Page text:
Injured Worker with Psychiatric Only Claim Can Sue Employer for Negligence
Bunger v. Lawson Co. (8/5/98), 82 Ohio St.3d 463.
In Bunger v. Lawson Co. the Supreme Court found that an injured worker who suffers a psychiatric only injury can sue the employer for negligence.
R.C. 4123.01(C) excludes workers with psychiatric only claims from receiving workers’ compensation for their injury. The Supreme Court ignored a constitutional challenge to this exclusion.
Instead, the Court held that the provisions of the workers’ compensation law which provide an employer with immunity from a negligence suit by an employee for injuries sustained in their employment do not apply where the type of injury is not covered under the workers’ compensation law.
The Supreme Court held in the syllabus of this case:
R.C. 4123.01(C) and 4123.74 do not foreclose an employee who has suffered purely psychological injuries from pursuing a common-law remedy against his or her employer.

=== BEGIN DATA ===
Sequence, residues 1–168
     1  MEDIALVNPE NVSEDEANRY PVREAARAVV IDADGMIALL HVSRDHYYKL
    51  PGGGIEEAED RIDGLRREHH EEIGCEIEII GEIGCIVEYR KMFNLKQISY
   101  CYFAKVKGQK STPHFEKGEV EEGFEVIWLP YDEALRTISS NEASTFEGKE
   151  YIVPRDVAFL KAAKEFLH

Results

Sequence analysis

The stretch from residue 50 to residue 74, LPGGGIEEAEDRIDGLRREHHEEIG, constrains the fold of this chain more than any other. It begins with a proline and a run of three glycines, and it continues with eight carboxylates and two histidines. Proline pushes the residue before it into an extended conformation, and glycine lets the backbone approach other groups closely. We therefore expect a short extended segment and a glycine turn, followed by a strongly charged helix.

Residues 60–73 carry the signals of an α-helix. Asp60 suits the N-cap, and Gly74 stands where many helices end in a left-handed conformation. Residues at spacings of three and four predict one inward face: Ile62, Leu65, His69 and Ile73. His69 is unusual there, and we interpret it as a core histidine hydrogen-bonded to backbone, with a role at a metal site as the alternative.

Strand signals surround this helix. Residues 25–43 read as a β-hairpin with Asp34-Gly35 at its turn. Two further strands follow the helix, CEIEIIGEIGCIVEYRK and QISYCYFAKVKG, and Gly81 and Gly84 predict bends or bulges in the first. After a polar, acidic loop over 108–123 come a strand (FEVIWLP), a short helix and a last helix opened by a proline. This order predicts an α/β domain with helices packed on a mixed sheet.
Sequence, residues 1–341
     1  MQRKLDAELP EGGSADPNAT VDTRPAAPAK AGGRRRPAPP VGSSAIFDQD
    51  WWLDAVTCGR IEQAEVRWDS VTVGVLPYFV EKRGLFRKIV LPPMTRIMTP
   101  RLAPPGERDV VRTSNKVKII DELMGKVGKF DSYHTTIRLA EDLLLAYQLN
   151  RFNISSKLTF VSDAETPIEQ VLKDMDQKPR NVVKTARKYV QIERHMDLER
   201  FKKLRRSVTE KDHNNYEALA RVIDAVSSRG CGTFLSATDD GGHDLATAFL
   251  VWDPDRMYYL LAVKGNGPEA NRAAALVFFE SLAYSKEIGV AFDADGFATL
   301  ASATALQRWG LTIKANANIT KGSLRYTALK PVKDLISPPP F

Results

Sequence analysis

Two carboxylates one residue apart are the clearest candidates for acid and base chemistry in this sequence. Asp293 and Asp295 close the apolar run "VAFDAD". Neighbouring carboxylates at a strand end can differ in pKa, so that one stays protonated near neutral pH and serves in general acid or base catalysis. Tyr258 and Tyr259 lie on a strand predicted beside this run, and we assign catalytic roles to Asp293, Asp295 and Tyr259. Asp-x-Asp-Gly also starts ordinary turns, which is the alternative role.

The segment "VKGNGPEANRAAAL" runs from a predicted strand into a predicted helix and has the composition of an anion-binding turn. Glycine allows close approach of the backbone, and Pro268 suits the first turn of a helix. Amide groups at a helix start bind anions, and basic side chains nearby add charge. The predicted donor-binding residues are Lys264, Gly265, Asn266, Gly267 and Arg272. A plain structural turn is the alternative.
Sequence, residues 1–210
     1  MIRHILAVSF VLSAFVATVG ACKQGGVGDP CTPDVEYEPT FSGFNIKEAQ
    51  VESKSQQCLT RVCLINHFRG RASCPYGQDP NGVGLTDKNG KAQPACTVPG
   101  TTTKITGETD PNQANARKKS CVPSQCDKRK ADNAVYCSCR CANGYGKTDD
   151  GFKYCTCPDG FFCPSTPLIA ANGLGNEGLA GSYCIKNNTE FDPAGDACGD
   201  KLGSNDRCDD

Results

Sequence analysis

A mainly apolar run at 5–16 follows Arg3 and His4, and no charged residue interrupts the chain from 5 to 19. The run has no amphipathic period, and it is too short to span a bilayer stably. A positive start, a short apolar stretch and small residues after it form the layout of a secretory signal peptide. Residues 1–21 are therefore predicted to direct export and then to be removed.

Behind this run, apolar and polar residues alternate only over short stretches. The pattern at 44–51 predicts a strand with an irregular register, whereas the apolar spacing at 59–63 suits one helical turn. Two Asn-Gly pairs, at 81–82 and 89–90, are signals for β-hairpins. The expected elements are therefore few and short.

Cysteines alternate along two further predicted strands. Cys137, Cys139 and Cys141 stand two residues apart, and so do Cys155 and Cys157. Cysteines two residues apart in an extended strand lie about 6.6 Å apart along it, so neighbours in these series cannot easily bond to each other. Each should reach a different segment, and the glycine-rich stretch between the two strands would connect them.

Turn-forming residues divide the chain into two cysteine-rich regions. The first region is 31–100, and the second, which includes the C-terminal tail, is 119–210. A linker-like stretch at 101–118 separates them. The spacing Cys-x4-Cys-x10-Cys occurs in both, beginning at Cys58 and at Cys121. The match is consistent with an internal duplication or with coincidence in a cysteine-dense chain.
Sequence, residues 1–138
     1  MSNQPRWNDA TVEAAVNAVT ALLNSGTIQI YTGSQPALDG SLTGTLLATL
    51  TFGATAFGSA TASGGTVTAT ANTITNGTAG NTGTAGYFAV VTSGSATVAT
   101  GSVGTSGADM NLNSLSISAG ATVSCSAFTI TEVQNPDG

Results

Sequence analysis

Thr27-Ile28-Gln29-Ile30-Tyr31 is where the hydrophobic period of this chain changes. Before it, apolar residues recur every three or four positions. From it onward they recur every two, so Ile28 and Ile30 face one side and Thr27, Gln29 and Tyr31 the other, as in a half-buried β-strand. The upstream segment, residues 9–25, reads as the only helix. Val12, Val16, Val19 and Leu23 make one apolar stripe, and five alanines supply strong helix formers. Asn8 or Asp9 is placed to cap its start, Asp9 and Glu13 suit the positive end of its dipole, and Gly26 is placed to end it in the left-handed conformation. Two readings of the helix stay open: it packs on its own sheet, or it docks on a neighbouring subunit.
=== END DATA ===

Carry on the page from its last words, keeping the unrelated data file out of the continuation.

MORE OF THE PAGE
The majority ignored the issue of whether the exclusion of psychiatric only claims from the workers’ compensation system was constitutional. The Supreme Court has never ruled on the issue of whether the exclusion of psychiatric only claims violates the constitution. Justice Douglas dissented because of the constitutional issue:
I dissent from the decision of the majority because, in my judgment, the provisions of R.C. Chapter 4123 that attempt to exclude purely psychological injuries from compensability under the Workers’ Compensation Act violate principles of equal protection. There is no rational justification for allowing workers’ compensation benefits for broken bones but not for broken minds. I would hold that if appellant can show a mental injury, then appellant has protection under the Workers’ Compensation Act and, thus, has entitlement to workers’ compensation benefits for her purely psychological injuries. Subjecting Ohio employers to civil liability in such cases is clearly not the answer.